Knowing exactly what to charge someone without burdening ourselves with too much work is something that is a challenge as a startup studio. We have learnt over time that some projects should be charged by the hour, and others according to the value of the job itself. Another challenge that we have faced is being able to meet deadlines when collaborating with other creatives. We have been involved with projects in the past where we have had to rely on the punctuality of others. For example if we were to collaborate with writers or photographers, they have their own schedules and deadlines which must be met in accordance with the ones we are collaborating on as well. Through this we have learnt the importance of contingency planning.
Can you name/describe another brand’s product design you have recently been excited by? And why?
Le Roy is a magazine based in New Zealand run by creative director Kelvin Soh. The magazine is dedicated to publishing new ideas in art, fashion and visual culture. In each issue, contributors including artists, writers, stylists, and photographers from all over the world to respond to a specific theme. Then they allow them absolute creative freedom in regards to their contributions. As a result of this, the design of the publication is very DIY – mixing cartoons, with high fashion, with fictional stories. The design of the physical magazine is a work of art. Accompany their publication is a website that is a complete interactive experience featuring flying text and moving imagery.
How do you keep evolving and growing as a designer?
Many ways – being a designer is so much more than just sitting behind a computer, although keeping up with the ever evolving software updates is crucial. Involving ourselves in the design community of Melbourne as much as possible is something that is very important to us. We enjoy creatively expressing ourselves through other outlets such as music and art. We find that by doing this our work cross pollinates and feeds back into our graphic design style, which continues to help us grow as creatives.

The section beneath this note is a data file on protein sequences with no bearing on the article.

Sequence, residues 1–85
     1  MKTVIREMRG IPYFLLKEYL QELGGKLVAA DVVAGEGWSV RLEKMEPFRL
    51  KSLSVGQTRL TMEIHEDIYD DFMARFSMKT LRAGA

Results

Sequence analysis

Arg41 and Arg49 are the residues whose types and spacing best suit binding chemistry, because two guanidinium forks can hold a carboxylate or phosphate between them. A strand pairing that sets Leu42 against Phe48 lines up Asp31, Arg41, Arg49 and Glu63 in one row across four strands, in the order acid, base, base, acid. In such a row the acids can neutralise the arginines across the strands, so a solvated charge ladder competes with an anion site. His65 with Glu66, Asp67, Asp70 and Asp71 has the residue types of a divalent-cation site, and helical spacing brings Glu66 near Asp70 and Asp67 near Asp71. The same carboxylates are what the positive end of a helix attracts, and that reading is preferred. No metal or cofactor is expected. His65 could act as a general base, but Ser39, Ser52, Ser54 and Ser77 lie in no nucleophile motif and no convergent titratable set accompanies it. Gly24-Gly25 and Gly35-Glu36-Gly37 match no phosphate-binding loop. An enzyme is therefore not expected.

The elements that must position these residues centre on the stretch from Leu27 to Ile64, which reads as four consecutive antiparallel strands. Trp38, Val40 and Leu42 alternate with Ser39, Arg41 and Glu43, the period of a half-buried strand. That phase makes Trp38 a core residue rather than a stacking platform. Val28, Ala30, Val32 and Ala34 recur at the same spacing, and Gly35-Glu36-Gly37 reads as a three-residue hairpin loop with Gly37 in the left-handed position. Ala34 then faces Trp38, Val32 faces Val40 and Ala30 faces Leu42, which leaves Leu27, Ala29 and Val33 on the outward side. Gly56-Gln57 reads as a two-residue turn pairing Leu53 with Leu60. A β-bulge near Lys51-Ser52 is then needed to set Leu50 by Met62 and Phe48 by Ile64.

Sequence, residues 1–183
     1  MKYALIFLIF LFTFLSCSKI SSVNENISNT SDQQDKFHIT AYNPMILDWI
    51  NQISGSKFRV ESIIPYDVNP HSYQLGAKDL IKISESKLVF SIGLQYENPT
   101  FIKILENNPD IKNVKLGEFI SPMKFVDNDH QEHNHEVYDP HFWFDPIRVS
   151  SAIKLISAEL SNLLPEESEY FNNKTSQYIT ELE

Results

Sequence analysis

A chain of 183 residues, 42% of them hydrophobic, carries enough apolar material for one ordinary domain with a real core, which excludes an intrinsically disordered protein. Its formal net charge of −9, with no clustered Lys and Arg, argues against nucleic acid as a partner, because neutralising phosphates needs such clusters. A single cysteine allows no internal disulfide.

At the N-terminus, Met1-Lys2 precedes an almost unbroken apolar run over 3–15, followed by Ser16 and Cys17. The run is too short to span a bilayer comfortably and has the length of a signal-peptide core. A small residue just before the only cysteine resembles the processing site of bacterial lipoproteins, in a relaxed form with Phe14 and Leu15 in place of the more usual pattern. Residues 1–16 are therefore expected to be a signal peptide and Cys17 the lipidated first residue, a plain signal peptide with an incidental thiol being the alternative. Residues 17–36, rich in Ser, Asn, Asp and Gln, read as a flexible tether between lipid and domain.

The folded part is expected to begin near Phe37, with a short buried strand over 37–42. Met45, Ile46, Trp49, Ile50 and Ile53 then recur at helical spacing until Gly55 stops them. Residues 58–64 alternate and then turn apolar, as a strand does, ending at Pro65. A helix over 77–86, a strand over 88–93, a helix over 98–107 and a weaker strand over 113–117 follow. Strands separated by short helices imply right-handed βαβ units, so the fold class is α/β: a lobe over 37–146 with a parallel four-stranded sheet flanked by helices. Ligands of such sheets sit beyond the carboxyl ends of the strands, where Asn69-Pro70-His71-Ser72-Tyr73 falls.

If you’re in a creative rut, do you have go-to places either physical, virtual or both where you go to get inspired?
Yes, lots! We have quite the extensive collection of books. Not only your typical design books, but more so the old romance or sci-fi novels from the 70s. We could swoon over the covers of these for hours and find that a lot of our inspiration comes from designs of another era. Getting out into nature is also vital! A fifteen minute walk is good for the mind/body.
Any advice for aspiring designers?
Be proactive! If you want it then absolutely take everything you’ve got and go for it. Research, network and put plans into action. It’s amazing how quickly you will see things fall into place. It’s not easy but the rewards make up for the more difficult times.
Any projects you’re involved in at present that you want more people to know about?
We are currently working with Melbourne based cinematographer, Indoor Fountains, on a series called Calendar Girls. Calendar Girls is a series of twelve different short films comprising of a monthly muse, each using a zodiac sign as the basis for its content. Each month there will be a different short film, with a different muse and a different director. We are currently working on the film titles, posters and a few online assets.